By George Tibbits
THE ASSOCIATED PRESS
SEATTLE (AP) — Hong Kong and mainland China are developing a strong thirst for wine, and Washington and Oregon are hoping for a taste of the growing markets.
So far, only a trickle of Northwest wines makes it to Asian countries outside of Japan. But experts say as affluence grows in China, so will the demand for the finer things in life.
The recession hurt U.S. wine sales to most of the world last year, but not to Hong Kong, where the value of American wine imports jumped 138 percent to $40 million.
Most of it came from California, which accounts for about 90 percent of the nation’s total wine exports. But the value of Washington’s shipments to Hong Kong grew more than five-fold.
Washington’s larger wineries have long cultivated customers in China and Hong Kong, and smaller exporters are seeking a foothold. Earlier this year, a delegation from Washington and Oregon signed a deal to promote wines in Hong Kong, their first trade agreement with that city.
“For our region, it’s about being present, and you win by being there,” said Al Portney, vice president of international sales for Ste. Michelle Wine Estates.
Portney said the Woodinville, Wash., winery pursues a methodical and long-term strategy showing that Northwest wines are high quality yet affordable.
Jonathan Ryweck, a one-man exporter of three Washington labels, ships a few pallets at a time.
“This is not a get-rich scheme, let me tell you,” Ryweck said of his Port Townsend company, Transnational Ventures Inc. “It’s growing very nicely but it’s still real small volume and it’s a tough sell.”
Still, the Chinese associate foreign wine with success, education, and status, he said.
“The Chinese love the taste profile of Washington wines,” Ryweck said. “If you can get the product in their mouth, you can sell it.”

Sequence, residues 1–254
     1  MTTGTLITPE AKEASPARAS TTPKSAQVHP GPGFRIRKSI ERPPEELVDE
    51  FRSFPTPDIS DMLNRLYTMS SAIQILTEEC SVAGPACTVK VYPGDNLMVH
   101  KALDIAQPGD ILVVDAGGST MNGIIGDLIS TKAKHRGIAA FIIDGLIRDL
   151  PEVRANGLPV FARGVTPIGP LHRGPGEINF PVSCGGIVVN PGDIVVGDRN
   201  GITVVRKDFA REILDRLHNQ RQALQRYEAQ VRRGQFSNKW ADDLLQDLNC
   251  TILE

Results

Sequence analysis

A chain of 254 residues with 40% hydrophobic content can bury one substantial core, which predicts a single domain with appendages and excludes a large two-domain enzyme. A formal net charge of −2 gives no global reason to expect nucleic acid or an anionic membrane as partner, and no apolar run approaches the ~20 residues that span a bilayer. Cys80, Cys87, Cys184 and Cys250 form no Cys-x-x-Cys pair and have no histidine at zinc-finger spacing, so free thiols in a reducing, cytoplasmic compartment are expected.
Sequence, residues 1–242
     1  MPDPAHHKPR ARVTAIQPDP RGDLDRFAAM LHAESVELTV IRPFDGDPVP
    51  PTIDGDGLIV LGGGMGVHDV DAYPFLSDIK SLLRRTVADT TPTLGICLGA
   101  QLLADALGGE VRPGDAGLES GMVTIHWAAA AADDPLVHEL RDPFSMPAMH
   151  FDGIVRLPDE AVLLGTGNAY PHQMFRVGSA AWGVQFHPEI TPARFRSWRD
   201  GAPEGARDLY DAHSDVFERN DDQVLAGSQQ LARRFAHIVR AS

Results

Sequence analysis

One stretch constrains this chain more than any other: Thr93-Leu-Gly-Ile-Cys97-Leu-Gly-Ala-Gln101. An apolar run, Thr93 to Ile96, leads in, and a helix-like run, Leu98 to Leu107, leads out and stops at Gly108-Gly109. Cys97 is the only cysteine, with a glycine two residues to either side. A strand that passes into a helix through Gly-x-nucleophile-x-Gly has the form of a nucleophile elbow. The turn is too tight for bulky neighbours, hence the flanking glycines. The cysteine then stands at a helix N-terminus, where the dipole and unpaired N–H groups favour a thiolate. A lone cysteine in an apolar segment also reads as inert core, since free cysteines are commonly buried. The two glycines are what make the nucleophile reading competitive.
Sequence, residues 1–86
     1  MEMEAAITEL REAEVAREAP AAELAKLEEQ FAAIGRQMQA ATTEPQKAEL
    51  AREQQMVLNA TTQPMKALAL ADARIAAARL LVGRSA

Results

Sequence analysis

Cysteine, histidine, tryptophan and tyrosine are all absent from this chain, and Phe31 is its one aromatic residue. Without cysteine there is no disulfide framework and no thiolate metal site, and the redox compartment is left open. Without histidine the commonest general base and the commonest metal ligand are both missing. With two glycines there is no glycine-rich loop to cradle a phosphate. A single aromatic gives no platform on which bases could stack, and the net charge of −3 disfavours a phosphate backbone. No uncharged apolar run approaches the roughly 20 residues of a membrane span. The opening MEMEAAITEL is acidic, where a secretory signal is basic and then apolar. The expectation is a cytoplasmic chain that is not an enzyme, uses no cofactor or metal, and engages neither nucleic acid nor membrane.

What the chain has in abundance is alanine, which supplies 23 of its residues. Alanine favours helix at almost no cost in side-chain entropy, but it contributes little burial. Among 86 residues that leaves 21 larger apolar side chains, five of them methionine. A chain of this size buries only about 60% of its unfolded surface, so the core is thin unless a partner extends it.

Hong Kong’s wine imports have soared since it eliminated an 80 percent excise tax in 2008.
Hong Kong is now the fourth-largest export market for U.S. wines behind Canada, the European Union, and Japan. It’s also a major re-exporter to the Chinese mainland and other points.
Last year, Washington exported about $9.7 million in wine, but just $721,000 to Hong Kong and $414,000 to China, according to figures from Global Trade Information Services Inc. cited by the state Agriculture Department. However, exports to Hong Kong jumped 529 percent.
Most Oregon wineries are family affairs that sell domestically, said Katie Bray, Oregon Wine Board export manager. A small but eager group is interested in exports, and China has great potential, she said. But the board’s limited promotional money is focused on the major foreign markets: Japan, the United Kingdom, and Canada.
Watson’s Wine Cellar, Hong Kong’s largest specialty wine chain, does sell Oregon’s Erath and Argyle wines, however.
“All of a sudden, there’s an interest in Northwest wines,” said Argyle winemaker Rollin Soles.
Chinese on the mainland drink about 75 million cases of wine a year, said Richard Halstead, chief operating officer of the British consultancy Wine Intelligence Ltd. But 90 percent is domestically produced wine “that most wine consumers in other countries would struggle to recognize as the product they drink,” he said.
Foreign sellers need to guide new consumers on types of wines and how they taste, Halstead said.
“Chinese consumers are confused by wine,” he said. “This is hardly surprising. Most Western consumers are, too, and they don’t have to deal with a totally alien script when trying to decipher what’s on the label.”
Wine Intelligence estimates the number of Chinese who drink imported wine will grow to about 50 million in 15 years, nearly the number in the United States who now drink imports.
Portney and Ryweck see similarities with this country. The United States had a “hard liquor and beer culture” until World War II, when GIs brought a taste for wine home from Europe, Ryweck said.
Millions of Chinese work or study overseas and bring home what they learn, Ryweck said. “They’re changing Chinese society and part of that is wine culture.” ♦